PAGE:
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415. A peculiar form of potential indicative without ἄν consists of an infinitive depending on the imperfect of a verb of obligation, propriety, or possibility, like ἔδει, χρῆν or ἐχρῆν, εἰκὸς ἦν, or προσῆκεν. This expression refers to past or present time, and generally implies a denial of the action of the infinitive. Thus ἔδει τοῦτον ἀποθανεῖν in this idiomatic use means he ought to have perished (but did not); ἔδει ἡμᾶς τοῦτο ποιεῖν means we ought to be doing this (but we are not) or we ought to have done this (but we did not do it). This combination contains in other words what might have been expressed substantially by a past indicative with ἄν of the verb of the infinitive, qualified by an adverb or other expression denoting obligation, propriety, or possibility: thus ἔδει τοῦτον ἀποθανεῖν is (as a construction) equivalent to οὗτος δικαίως (or ἀξίως) ἂν ἀπέθανεν, he would justly have perished, and εἰκὸς ἦν σε τοῦτο παθεῖν is equivalent to τοῦτο εἰκότως ἂν ἔπαθες, you would properly have suffered this (implying οὐκ ἔπαθες). Strictly, the expression involves also an unreal protasis, as (in the last case) εἰ τὸ εἰκὸς ἔπαθες, which with the apodosis τοῦτο ἔπαθες ἄν appears substantially in εἰκὸς ἦν σε τοῦτο παθεῖν. (See 511.)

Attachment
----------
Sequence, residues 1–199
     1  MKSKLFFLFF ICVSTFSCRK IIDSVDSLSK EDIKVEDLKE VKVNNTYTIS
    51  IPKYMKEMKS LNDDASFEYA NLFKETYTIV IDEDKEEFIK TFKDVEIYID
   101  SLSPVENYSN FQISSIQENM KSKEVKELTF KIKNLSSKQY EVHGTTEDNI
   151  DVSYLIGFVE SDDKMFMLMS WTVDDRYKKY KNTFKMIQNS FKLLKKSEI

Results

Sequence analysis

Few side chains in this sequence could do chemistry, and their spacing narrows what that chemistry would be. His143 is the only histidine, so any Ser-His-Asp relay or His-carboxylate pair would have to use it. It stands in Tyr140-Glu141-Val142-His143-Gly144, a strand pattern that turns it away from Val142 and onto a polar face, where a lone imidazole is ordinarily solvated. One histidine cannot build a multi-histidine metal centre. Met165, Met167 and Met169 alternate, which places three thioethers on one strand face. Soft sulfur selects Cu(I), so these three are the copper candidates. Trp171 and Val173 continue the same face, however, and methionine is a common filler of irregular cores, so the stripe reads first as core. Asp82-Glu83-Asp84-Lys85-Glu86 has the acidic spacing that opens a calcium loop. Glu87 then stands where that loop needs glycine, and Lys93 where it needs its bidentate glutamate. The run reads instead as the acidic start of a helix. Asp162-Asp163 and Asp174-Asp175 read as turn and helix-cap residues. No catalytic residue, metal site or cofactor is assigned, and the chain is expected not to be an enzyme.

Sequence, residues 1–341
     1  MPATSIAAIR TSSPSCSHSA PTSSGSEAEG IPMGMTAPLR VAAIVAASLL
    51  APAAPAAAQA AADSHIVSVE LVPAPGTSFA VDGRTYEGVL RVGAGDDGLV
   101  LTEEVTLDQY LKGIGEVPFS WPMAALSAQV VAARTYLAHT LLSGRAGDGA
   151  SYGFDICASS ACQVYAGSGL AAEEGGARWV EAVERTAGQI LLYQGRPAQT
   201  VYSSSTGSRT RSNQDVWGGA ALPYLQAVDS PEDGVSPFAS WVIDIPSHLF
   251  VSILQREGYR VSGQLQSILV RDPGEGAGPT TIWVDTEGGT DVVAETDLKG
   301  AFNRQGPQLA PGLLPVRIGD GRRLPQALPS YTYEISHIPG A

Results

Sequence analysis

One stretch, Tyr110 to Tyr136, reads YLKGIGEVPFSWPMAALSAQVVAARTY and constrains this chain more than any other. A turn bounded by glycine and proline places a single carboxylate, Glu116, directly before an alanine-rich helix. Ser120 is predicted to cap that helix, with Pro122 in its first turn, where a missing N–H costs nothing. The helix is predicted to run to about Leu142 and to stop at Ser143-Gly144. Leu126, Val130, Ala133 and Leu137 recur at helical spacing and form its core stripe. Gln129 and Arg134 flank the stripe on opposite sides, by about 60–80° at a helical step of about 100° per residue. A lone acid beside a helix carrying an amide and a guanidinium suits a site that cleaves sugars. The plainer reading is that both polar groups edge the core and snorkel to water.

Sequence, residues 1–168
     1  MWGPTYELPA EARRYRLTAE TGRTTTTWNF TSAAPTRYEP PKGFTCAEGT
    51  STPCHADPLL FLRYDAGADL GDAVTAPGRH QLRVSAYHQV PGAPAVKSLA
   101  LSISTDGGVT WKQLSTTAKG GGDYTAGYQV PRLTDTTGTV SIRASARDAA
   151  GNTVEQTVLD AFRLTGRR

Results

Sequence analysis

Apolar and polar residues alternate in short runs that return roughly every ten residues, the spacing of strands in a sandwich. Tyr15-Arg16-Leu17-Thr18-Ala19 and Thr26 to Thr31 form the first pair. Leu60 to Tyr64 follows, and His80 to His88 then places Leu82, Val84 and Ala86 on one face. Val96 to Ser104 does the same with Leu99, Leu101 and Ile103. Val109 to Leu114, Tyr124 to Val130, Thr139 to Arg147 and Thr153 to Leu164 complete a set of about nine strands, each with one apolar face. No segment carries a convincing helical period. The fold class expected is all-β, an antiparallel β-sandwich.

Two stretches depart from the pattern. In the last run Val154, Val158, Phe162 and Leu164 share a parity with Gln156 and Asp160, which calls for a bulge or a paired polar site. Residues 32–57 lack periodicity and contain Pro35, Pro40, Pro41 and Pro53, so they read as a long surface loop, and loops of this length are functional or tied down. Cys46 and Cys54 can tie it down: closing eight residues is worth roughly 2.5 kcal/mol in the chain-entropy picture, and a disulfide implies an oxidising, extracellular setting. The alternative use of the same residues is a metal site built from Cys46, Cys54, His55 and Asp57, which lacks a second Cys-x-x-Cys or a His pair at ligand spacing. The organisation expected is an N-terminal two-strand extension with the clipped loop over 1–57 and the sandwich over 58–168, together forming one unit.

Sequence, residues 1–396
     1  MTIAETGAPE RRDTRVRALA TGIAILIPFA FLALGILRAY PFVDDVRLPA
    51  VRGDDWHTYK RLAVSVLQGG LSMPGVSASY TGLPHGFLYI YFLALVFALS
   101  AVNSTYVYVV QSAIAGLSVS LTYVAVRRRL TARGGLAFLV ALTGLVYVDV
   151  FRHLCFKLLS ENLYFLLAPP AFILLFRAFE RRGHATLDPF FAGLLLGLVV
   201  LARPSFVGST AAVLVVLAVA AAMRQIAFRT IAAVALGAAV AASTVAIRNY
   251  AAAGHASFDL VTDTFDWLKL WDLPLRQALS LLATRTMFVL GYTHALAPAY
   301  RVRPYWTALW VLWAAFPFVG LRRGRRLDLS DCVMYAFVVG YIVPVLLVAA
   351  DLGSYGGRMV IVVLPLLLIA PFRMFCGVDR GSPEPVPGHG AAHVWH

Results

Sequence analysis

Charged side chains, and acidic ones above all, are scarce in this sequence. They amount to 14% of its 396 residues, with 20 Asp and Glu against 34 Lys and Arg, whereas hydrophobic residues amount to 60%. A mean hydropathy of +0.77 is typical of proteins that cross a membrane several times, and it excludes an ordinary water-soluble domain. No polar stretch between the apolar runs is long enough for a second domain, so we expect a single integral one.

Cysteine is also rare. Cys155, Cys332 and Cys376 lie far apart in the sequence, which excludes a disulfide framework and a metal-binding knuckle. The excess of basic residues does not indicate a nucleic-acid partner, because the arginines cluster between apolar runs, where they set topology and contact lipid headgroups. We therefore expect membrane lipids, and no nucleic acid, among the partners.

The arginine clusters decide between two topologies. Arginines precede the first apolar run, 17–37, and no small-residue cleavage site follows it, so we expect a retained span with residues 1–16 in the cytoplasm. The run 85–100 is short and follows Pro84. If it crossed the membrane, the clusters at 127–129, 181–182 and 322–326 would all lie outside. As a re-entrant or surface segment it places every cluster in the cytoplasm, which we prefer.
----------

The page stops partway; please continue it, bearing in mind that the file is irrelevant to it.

When the present infinitive is used, the expression is present or past; with the aorist infinitive it is always past.

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hide References (2 total)
  • Commentary references to this page (2):
    • William Watson Goodwin, Commentary on Demosthenes: On the Crown, 248
    • E.C. Marchant, Commentary on Thucydides Book 1, 1.37
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